But those deals expire when the mortgages are paid off, leaving housing providers with significantly lower budgets. No new federal money has gone into off-reserve housing since a one-time lump-sum payment in 2008. By 2014, 41 per cent of agreements supporting urban indigenous housing in Canada had expired. Another 20 per cent expire by 2018.
In British Columbia, almost 2,000 units received subsidies in 2011. By next year that will drop to 1,900. It falls to 1,350 in 2021. To zero by 2030.
"That is a lot of low income families that will be displaced in the coming years," said Ray Gerow, Aboriginal Housing Management Association CEO.
It's similar in Ontario, where Don McBain, executive director of the Ontario Aboriginal Housing Society, predicts 2,000 units will be lost in a province that only has one per cent of social housing for its 2.2 per cent indigenous population.
More than eight thousand people could be left homeless. But they're not McBain's only concern. There's also the millions of wasted dollars. "If you look at re-investment, it costs $200,000 a unit to build," said McBain. It makes more sense financially to save the units than build new ones.
Identity and rights
Canada's federal government maintains it has no obligation to provide housing to off-reserve, non-status First Nations, Metis, or Inuit people. Section six of the Indian Act, they argue, determines who the Act says is "entitled" to status, and therefore who is entitled to treaty benefits like education, land, and housing.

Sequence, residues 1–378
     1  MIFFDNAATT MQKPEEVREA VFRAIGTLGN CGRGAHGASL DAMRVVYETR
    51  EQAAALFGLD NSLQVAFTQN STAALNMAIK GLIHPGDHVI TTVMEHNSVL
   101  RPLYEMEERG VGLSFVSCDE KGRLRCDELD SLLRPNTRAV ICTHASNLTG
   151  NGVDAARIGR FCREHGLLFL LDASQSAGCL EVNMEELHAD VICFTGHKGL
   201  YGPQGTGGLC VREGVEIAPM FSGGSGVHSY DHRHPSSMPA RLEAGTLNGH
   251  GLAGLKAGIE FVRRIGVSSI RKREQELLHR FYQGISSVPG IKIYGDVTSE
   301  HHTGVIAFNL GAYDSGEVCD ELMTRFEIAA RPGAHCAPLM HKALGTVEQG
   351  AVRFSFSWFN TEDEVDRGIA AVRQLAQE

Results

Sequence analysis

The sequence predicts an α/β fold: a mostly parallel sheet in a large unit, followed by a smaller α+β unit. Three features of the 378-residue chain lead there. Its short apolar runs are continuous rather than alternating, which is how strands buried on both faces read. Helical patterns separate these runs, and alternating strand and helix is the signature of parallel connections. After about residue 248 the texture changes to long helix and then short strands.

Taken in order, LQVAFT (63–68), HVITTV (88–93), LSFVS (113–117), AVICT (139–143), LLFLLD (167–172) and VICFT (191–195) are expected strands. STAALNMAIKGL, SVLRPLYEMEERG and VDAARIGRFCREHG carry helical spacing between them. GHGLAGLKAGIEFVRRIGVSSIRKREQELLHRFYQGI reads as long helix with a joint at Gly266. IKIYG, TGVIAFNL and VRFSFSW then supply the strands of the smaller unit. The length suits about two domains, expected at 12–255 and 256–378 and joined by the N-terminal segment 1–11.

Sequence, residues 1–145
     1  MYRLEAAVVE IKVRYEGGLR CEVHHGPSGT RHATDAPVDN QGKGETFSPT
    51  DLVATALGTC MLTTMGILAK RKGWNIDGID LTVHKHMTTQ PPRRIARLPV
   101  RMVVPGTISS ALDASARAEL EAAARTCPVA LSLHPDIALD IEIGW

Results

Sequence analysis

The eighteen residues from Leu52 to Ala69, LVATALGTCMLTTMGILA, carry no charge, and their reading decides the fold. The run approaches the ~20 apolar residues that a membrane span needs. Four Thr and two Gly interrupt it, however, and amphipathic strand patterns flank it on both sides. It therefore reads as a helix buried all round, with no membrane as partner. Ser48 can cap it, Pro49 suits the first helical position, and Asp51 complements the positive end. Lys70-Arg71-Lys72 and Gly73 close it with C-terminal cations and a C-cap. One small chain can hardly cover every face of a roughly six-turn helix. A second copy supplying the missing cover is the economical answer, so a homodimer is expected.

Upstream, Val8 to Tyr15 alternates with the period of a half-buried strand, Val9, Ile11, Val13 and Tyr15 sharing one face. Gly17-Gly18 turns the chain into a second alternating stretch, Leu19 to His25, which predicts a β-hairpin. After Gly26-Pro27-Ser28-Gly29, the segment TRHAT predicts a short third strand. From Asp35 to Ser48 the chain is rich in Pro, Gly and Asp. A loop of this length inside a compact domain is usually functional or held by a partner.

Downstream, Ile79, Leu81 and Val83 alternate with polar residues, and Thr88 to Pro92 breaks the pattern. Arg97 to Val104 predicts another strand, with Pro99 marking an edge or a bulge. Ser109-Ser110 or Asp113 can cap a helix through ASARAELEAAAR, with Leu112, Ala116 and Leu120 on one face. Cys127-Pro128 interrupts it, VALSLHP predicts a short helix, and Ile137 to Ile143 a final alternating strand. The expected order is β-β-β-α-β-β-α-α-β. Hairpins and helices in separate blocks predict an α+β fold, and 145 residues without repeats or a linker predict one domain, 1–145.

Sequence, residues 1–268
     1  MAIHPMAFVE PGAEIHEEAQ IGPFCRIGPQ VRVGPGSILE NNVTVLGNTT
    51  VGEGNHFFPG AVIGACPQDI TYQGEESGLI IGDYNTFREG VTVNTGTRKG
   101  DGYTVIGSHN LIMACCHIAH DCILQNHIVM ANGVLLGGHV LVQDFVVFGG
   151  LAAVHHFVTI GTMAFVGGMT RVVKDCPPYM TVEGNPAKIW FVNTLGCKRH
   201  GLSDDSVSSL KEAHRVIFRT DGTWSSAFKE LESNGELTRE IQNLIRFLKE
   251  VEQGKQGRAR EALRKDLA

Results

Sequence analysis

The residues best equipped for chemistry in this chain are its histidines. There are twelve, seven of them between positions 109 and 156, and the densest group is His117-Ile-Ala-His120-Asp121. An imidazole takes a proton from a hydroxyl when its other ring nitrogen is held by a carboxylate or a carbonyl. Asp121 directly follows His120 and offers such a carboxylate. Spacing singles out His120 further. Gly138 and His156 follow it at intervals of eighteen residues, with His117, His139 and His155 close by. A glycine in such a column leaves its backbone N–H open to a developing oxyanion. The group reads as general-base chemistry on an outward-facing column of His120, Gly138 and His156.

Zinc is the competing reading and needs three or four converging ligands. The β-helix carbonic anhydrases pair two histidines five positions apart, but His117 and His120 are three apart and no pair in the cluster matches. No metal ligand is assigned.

But that long-standing position is open to challenge. This fall the Supreme Court of Canada will hear a case first brought against the then-Liberal government in 1998 by then-Congress of Aboriginal People's National Chief Harry Daniels.
Daniels was a Metis man from Saskatchewan, fighting for federal recognition of indigenous identity for Metis, Inuit, and non-status First Nations people. Daniels died in 2004, but his case continues. The Congress' current National Chief, Betty Ann Lavallee, insists the suit is less about treaty benefits than reclaiming identity. "The fact is, we are Aboriginal peoples," said, Lavallee, a non-status member of the Migmaw nation in New Brunswick.
Nevertheless, a court victory could confirm that non-status Metis, Inuit, and First Nations people also enjoy treaty entitlements -- including housing. Even so, it would likely be years before both sides agreed on exactly who gets rights and what those are.
Gerow's not willing to wait. "I don't hang up my rights on the hook at the front door of the band office when I leave [the reserve]," he objects.
So, with academic partner Professor Margot Young, he's recruited six students from the University of British Columbia's law school to find fresh legal grounds to establish federal responsibility for off-reserve indigenous housing, regardless of status.
The students, mostly indigenous first-years, have already prepared a backgrounder on indigenous rights in Canada's constitution. "The next step," said Young, "will be to think a little more outside the box about ways that backdrop can be useful," in expanding rights for those living off-reserve.
Leverage and enterprise